UBS Global Asset Management (US) Inc.
February 5, 2004
VIA E-MAIL - email@example.com
Jonathan G. Katz, Secretary
Re: Compliance Programs of Investment Companies and Investment Advisers (File No. S7-03-03)
Dear Mr. Katz:
UBS Global Asset Management (US) Inc. ("UBS Global AM")1 hereby offers comments on new rule 38a-1 (the "Rule"), adopted under the Investment Company Act of 1940 (the "Act") in SEC Release IA-2204; IC-26299 (the "Adopting Release"), concerning compliance programs of investment companies and investment advisers. In the Adopting Release, the Commission requested comment on certain provisions of the Rule that had not been included in the original Rule proposal.
UBS Global AM believes that effective internal controls and compliance programs for investment companies and investment advisers are essential to protecting investors and for bolstering investor confidence in the investment management industry. We also believe that mutual fund boards of directors need to have direct access to compliance officers and are entitled to be apprised of any concerns compliance officers may have regarding adherence to legal and regulatory requirements by the fund and its service providers. Accordingly, we generally support the goals of the Rule. We are concerned, however, that the Commission's proposal undermines the appropriate role of the board, which is to perform an oversight function as opposed to day-to-day management of fund operations.
Mutual fund boards should not be required to approve chief compliance officer compensation and termination
The Rule requires each fund's board to designate a chief compliance officer ("CCO") and approve the CCO's compensation. The Rule also provides that the CCO may be removed only by action of the board. Finally, the Rule requires the CCO to provide periodic reports to the board, and to meet periodically with the board separately from management. The Adopting Release requested comment on these provisions.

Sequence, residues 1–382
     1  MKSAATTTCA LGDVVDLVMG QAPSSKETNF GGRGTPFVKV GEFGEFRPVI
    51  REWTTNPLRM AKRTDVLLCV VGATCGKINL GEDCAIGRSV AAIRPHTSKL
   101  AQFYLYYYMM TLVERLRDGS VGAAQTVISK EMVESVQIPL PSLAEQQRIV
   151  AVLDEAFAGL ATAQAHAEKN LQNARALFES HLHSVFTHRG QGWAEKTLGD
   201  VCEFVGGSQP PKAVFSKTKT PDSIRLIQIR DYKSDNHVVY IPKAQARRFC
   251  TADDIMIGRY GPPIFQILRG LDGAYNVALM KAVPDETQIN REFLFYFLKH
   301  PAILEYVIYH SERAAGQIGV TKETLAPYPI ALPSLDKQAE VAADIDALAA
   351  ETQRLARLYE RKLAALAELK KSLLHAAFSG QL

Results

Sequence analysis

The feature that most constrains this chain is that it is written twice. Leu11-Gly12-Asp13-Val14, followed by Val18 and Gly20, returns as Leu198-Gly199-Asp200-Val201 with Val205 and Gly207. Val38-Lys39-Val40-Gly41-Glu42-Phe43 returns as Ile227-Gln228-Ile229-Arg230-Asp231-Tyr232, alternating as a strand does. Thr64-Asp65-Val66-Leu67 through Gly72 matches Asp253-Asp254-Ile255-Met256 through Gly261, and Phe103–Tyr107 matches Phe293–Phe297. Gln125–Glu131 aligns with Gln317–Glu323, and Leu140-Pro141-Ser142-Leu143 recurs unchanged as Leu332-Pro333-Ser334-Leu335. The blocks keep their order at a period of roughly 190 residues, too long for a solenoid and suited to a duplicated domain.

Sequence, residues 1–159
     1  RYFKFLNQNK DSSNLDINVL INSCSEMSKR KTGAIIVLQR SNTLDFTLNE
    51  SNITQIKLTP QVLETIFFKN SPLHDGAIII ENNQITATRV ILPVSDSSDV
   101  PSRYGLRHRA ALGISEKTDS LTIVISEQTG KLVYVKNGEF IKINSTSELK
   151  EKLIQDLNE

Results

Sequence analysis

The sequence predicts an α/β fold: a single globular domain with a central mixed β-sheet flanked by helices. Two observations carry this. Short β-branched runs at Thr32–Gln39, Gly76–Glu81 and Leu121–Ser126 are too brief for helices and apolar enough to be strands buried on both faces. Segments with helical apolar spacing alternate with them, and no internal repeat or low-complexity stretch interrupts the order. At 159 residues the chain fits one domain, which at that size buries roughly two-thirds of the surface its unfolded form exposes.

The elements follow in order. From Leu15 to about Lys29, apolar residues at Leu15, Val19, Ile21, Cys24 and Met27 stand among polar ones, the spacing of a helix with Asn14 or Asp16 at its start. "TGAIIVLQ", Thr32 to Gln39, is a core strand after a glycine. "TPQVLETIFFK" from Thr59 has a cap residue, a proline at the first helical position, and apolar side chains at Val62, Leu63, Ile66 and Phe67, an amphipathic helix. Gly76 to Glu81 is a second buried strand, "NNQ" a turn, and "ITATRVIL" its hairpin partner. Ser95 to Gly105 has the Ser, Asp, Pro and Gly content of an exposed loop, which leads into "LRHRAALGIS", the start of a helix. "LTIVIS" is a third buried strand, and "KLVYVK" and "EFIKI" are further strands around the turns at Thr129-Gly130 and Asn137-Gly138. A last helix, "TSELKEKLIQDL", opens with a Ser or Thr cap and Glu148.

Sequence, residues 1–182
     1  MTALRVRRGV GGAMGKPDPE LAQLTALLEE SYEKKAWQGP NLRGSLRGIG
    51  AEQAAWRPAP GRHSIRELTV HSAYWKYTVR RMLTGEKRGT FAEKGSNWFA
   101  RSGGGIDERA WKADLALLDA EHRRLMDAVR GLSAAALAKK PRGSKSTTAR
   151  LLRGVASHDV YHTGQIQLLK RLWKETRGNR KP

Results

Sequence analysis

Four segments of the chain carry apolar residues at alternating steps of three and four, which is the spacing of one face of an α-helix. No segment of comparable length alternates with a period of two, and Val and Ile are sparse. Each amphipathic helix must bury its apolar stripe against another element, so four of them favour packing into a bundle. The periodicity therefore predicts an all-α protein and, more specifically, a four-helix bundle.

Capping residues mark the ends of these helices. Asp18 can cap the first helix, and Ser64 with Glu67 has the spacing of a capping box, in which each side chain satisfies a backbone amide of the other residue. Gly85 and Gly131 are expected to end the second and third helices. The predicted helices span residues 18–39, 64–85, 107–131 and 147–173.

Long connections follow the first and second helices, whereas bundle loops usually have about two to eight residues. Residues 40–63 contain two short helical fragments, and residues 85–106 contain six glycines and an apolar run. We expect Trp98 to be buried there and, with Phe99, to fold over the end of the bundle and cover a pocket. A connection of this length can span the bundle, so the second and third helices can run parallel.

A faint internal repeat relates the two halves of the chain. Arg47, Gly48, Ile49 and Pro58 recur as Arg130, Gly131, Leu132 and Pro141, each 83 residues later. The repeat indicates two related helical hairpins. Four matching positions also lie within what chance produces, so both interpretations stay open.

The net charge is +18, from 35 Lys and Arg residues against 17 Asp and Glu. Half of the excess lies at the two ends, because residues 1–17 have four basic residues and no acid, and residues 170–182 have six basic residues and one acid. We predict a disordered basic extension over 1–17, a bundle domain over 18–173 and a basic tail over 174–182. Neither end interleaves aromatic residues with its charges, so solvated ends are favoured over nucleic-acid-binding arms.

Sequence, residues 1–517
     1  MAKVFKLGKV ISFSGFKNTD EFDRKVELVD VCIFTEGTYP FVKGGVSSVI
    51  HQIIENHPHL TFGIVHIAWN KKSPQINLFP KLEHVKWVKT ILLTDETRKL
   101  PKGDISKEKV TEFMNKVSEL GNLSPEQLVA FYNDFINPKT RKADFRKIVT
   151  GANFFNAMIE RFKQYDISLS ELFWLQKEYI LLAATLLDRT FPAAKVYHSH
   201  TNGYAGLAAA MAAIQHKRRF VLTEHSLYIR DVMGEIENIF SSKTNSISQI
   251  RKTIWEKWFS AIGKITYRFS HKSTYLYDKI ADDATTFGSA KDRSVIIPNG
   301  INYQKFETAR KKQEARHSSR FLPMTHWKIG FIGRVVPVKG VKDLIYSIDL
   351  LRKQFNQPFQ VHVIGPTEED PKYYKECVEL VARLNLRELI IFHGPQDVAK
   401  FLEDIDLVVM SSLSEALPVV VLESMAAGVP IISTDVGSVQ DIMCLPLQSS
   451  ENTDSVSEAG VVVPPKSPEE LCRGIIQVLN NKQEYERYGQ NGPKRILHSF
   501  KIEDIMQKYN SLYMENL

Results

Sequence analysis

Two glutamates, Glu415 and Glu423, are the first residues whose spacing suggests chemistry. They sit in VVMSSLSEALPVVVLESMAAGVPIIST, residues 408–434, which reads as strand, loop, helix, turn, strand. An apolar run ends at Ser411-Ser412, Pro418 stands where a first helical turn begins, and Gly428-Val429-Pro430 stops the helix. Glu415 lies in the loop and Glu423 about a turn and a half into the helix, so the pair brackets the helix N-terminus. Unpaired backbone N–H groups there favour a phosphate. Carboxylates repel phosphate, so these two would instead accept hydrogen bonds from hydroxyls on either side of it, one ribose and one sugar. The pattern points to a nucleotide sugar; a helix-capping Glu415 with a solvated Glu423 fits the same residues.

We agree that a fund's board should designate a CCO for the fund and believe that the board should be able to rely heavily upon this person to be the "eyes and ears" of the board with respect to compliance issues affecting the operations and management of the fund. To that end, we strongly support the requirements of the Rule requiring the CCO to provide reports to, and to regularly meet with, the board. We also believe that the board should seek information about the reporting structure surrounding the compliance function to ensure adequate independence from senior management. Finally, in order for the board to have confidence in the CCO, the board must receive information about the CCO's background and qualifications. If the board were not satisfied with the CCO's background or qualifications, the board could refuse to appoint the CCO, and direct the adviser to find a more suitable candidate for the position.
However, we believe that the requirements that the board approve the CCO's compensation and have sole responsibility for terminating the CCO are not necessary to ensure a constructive, informative relationship between a CCO and a board, and indeed place the board undesirably in a role that is more appropriately described as day-to-day management. While UBS Global AM fully supports the notion that fund boards should be actively involved in the oversight of their funds, placing these new requirements upon a board in effect changes fund directors from overseers and "watchdogs," to managers. Typically, directors of public companies rely upon senior management to hire and fire employees, and directors oversee the overall direction and results of the company, without engaging in day-to-day management duties. Moreover, it is entirely unprecedented for a board to have responsibility for the compensation and hiring decisions of a service provider for the entity subject to its governance. Requiring boards to engage in functions traditionally reserved for management alters the traditional role of directors significantly.